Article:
It wasn't an actual crash-landing that emergency responders and airport officials were tending, but a major emergency response drill.
The airport teamed up with local and state emergency agencies to put on the disaster drill. It's required every three years by the Federal Aviation Administration. Its importance was greater than usual because the airport is implementing a new emergency plan.
The exercise began at 8 a.m. with the crash siren sounding. In the scenario, a 737 carrying 33 passengers crash-landed, spilling fuel, causing fires and stringing debris across the runway.
After the exercise, officials met to share observations and experiences. For the most part, it was deemed a success.
David Whitaker of the Memphis Fire Department and director of the Aircraft Rescue amp& Fire Fighting Working Group, said the exercise had gone well.
He was one of the observers - dubbed "umpires" of the exercise - who said the lack of a clear command led to some confusion.
"There were some communication issues. We had no clear joint command or incident command. If the commanders don't know, nobody knows," he said. "That's what we needed to know - who to report to."
However, Whitaker also said communication is an issue in every drill.
The exercise started well enough, with the first Tupelo Fire Department truck arriving within five minutes to help the airport's firefighters. Two more TFD trucks arrived within five minutes.
Rescuers had to pry open the plane's main door and were immediately greeted by screaming, "wounded" and panicked passengers. Meanwhile, another group of firefighters had to battle a blaze caused by a fuel leak from the plane.
Nurses bandaged, stitched and wrapped up the injuries of those they could, performed emergency procedures on those with more serious injuries and waited for paramedics to arrive on the scene.
Four passengers were "dead" at the scene and several were transported to the hospital. The pilot also died and the co-pilot was severely injured.
Tupelo police officers secured the scene and directed worried family members to stay clear of the wreckage until more information about their loved ones could be released.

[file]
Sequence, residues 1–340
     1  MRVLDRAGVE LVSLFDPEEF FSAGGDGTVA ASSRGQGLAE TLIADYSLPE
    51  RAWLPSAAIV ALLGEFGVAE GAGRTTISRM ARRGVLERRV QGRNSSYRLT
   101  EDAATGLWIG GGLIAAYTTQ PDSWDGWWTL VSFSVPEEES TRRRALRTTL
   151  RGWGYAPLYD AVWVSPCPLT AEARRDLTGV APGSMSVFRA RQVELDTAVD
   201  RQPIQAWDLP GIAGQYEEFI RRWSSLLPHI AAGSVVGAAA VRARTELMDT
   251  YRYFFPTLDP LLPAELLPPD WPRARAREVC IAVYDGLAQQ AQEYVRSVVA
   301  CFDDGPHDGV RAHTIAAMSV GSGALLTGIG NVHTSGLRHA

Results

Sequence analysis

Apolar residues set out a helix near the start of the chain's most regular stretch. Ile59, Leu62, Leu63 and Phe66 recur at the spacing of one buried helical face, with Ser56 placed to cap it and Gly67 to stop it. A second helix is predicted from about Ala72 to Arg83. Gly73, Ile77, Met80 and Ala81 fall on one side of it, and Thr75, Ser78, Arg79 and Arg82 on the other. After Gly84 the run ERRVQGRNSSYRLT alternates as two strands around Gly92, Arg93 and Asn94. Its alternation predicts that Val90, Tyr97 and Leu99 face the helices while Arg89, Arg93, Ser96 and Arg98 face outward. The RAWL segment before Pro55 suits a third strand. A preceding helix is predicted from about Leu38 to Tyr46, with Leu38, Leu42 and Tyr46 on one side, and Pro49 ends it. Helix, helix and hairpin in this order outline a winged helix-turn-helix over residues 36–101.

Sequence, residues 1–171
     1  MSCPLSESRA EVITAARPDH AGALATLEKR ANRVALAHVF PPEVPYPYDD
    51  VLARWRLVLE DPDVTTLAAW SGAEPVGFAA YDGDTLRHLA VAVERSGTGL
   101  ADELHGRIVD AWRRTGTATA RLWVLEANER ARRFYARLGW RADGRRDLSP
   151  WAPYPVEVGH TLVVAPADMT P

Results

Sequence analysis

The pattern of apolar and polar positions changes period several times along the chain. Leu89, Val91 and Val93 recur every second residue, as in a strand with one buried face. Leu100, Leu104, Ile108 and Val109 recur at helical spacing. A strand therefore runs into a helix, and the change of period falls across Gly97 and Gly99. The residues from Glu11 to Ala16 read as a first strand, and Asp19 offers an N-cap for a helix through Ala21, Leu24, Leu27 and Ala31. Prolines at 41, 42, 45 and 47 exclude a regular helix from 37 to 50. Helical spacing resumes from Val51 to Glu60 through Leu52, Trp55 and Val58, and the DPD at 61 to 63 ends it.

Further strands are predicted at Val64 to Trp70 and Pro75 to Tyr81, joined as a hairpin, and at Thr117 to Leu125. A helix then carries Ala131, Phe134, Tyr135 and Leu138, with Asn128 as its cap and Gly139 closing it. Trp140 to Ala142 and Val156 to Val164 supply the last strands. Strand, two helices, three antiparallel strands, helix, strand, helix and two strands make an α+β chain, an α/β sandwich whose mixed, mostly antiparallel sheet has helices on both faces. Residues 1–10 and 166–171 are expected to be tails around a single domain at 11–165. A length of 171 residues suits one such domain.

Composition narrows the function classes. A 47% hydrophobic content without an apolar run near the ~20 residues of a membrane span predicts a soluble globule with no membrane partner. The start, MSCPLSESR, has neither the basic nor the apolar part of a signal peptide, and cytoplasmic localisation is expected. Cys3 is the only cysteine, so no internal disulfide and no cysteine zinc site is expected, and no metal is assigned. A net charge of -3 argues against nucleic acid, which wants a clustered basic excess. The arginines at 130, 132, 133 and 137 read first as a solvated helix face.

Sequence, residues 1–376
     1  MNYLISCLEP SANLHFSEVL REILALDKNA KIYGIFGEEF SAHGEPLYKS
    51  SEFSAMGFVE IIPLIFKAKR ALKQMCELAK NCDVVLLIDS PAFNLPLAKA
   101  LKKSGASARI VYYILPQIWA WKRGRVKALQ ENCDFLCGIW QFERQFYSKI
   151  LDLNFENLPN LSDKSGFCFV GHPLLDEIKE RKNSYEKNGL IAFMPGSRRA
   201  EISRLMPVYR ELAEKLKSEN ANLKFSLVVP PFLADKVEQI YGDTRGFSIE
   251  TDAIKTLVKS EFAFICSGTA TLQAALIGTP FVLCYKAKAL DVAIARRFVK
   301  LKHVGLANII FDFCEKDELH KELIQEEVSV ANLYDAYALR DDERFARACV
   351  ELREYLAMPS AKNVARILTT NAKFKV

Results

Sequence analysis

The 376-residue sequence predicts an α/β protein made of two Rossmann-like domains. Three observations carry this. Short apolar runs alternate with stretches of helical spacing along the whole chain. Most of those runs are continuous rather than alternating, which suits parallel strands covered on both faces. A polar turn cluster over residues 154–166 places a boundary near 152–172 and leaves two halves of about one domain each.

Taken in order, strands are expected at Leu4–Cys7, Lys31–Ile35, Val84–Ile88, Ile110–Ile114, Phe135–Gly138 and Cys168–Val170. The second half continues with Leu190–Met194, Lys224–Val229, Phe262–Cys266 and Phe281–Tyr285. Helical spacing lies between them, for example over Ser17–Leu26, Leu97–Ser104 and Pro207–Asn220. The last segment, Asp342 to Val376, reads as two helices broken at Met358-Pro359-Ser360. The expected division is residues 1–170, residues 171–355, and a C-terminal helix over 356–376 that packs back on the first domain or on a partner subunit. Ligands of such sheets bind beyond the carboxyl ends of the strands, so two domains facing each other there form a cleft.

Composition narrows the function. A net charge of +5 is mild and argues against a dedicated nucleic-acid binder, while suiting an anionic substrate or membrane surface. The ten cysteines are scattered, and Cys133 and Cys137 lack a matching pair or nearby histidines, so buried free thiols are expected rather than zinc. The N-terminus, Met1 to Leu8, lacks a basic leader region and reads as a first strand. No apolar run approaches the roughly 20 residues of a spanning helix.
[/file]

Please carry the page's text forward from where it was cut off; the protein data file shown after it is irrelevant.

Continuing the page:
The airport terminal was where family members and the media were to go, but staff there weren't quite sure what to do, it was pointed out.
The TPD's mobile command post was set up, and department heads from various agencies met near the crash. Information was readily shared, but it was also noted that airport personnel don't have radios to communicate on the same frequency with the police and fire departments.
Seeing that there was a communication problem, emergency personnel used their cell phones to reestablish contact and to give airport officials the radios they needed.
About two hours after it started, "Broken Wing 2011" was over.
Tupelo Fire Chief Thomas Walker and his men were in the center of the drill, battling the fires as well as assisting in rescuing the victims from the plane. Despite it being a manufactured disaster designed for training, Walker said the drill couldn't have been more beneficial.
"We train to failure," said Walker. "That's our approach to training. Even if we fail, this type of training will let us know our limitations. That's how we all get stronger in our jobs."
Walker said he intentionally stayed out of the command structure to allow his men to take over. Like Whitaker, he said he noticed a communication issue early on.
"We needed someone to step up to take command of the scene," he said, "but it didn't happen."
The victims were played by Itawamba Community College practical nursing students like Brooke Cockrell of Aberdeen. She and other students were all bandaged and bloodied.
Jo Maharrey, director of the Practical Nursing program at ICC, said Tuesday's training was beneficial for her students as well.
"We've never done this type of training before," said Cockrell. "In the case of a critical situation, these nurses will have to assist."
Airpor Director of operations George Smith said knowing what issues needed to be fixed was the point of the exercise.
"I wanted to go until we failed," he said. "That way you know your strengths and weaknesses. Now we can go back and address those weaknesses. ... but to me this exercise overall was a phenomenal success."